Cattle covered in manure are a turn off.
Carcasses possibly washed with manure contaminated water even more so.
So much more so, that on more than one occasion the subject of a Nebraska
slaughter facility that had that happen to some of its carcasses in
2006 has come up in the responses to one of my blogs.
issue comes up, I think, to discredit my opinions since I was the
Undersecretary when that incident occurred. Just two weeks ago,
"concerned" once again raised the issue on a blog about bench
trim of all things. But I want
all the readers of this blog to understand what happened here, because
I guess until I explain it, it will just keep coming up, and because I
am going to use this incident in next week's blog that will provide the
ultimate (and of course debatable) solution to E coli and antibiotic
resistant Salmonella tainted beef.
A slaughter house's water supply was contaminated
with sewer back up, and several hundred carcasses were rinsed with this
possibly contaminated water before management was aware of it. The plant shut down for a day and a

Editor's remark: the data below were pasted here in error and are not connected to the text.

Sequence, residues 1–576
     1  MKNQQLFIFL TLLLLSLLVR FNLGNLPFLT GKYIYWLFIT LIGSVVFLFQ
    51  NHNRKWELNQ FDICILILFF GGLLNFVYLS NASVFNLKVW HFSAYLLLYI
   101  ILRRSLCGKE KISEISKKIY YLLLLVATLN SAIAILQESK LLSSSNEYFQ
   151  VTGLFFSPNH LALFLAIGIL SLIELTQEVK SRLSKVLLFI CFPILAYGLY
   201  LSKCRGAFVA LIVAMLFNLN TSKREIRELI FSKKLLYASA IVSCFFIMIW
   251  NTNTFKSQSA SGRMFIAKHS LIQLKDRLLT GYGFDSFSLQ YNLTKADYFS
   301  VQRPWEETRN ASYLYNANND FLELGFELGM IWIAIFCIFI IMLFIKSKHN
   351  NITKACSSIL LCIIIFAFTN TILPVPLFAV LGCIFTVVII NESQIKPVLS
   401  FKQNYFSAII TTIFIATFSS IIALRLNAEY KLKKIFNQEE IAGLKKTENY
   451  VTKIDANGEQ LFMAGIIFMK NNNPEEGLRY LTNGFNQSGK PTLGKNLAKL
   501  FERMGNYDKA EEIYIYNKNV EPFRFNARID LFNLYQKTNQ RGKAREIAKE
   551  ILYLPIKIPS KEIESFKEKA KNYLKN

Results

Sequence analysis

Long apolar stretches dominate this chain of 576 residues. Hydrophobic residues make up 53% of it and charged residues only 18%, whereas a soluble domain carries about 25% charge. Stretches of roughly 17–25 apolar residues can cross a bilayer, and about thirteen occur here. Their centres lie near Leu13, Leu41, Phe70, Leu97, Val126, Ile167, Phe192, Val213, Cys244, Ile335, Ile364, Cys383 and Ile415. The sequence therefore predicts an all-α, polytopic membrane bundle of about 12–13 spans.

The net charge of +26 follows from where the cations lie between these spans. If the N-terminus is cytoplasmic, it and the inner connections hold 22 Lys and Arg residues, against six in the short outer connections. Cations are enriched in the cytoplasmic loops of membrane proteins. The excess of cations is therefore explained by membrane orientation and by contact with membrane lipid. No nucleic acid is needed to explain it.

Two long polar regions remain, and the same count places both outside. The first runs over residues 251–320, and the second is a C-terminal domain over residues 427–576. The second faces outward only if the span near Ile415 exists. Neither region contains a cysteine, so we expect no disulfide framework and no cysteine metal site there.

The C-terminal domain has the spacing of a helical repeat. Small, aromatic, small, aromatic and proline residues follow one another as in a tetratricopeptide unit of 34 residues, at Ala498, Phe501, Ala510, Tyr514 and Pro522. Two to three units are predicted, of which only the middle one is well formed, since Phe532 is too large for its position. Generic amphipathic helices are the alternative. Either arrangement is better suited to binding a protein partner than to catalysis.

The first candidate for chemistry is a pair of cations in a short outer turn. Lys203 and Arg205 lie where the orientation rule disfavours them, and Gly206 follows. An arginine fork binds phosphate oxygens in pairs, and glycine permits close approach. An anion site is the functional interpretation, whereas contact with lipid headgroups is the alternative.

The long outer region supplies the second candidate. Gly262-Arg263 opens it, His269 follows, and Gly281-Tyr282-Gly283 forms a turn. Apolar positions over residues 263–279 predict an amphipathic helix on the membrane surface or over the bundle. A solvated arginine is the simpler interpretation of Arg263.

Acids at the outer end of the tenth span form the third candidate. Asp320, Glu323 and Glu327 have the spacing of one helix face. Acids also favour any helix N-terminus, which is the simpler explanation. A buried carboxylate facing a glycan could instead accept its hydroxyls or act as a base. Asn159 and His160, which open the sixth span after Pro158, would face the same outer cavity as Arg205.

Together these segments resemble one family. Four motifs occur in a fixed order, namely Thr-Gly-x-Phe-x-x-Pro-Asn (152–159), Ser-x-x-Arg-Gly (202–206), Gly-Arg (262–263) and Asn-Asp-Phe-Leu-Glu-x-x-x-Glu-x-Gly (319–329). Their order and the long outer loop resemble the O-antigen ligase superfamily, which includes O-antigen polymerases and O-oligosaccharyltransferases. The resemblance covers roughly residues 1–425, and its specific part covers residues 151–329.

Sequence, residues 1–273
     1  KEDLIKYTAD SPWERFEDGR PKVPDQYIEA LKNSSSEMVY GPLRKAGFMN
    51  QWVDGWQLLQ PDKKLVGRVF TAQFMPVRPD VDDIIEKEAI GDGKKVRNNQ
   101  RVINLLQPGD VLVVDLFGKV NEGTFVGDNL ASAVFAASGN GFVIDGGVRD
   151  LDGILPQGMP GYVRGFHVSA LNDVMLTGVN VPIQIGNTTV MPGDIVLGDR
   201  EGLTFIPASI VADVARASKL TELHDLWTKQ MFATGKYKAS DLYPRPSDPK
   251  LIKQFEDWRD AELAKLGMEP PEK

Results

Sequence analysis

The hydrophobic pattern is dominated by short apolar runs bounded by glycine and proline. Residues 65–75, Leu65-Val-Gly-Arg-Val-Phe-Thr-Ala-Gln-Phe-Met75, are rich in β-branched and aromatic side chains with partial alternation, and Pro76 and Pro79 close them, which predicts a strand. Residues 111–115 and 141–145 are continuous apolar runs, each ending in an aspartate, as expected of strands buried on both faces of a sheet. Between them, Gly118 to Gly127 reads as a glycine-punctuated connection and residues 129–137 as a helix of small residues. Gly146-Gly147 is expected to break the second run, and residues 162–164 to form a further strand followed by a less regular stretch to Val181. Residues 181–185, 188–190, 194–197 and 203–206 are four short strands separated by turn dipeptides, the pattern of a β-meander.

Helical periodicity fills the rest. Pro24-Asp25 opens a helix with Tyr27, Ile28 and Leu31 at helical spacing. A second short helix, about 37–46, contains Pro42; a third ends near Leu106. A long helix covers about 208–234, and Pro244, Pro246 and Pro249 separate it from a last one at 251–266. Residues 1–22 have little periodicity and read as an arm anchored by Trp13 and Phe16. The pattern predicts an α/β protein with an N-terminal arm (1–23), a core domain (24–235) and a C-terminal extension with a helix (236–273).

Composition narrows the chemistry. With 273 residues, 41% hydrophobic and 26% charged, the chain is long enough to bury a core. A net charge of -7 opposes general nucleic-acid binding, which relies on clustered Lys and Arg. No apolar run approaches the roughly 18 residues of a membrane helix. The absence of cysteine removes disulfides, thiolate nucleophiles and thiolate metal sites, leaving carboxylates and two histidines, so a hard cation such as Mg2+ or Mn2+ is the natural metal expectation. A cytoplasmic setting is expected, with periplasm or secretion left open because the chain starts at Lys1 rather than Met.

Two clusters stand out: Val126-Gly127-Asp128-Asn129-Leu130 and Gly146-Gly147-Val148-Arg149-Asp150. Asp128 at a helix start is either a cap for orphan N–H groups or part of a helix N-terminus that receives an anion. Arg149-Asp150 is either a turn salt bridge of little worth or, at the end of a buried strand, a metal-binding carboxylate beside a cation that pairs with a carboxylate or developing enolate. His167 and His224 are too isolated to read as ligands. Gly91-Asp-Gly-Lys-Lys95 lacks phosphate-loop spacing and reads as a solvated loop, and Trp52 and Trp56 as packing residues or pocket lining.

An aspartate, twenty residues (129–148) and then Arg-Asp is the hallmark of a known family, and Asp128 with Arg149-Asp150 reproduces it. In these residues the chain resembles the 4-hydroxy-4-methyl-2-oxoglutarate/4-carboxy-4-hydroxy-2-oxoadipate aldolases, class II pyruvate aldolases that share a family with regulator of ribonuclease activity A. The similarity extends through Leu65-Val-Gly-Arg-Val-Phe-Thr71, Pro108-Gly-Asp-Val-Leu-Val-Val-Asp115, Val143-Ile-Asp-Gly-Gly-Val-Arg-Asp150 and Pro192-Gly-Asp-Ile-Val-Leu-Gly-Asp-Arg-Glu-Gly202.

half while the water problem was corrected, and these carcasses were in
the cooler under control of FSIS. The plant developed a solution to the
situation that was acceptable to FSIS's Offices of Field Operations and
Public Health and Science.
science-based solution was to trim off all surfaces (the part that was
adulterated and thus condemned), treat the internal surfaces down to
the sub-muscle twice, once with lactic acid and once with peroxy acetic
acid, and then test extensively for pathogens. All tests were negative.
Trim was required to be cooked and not used as raw ground beef. This
was safe meat that had undergone more interventions and more testing
than any other meat that year.
This may have a "yuck" factor to it, but so do basic
slaughter techniques and facilities.
Next week I will tell you why I think this tested
and proven intervention of trimming and reconditioning carcasses could
play a role in getting E coli 0157:H7 out of our beef supply.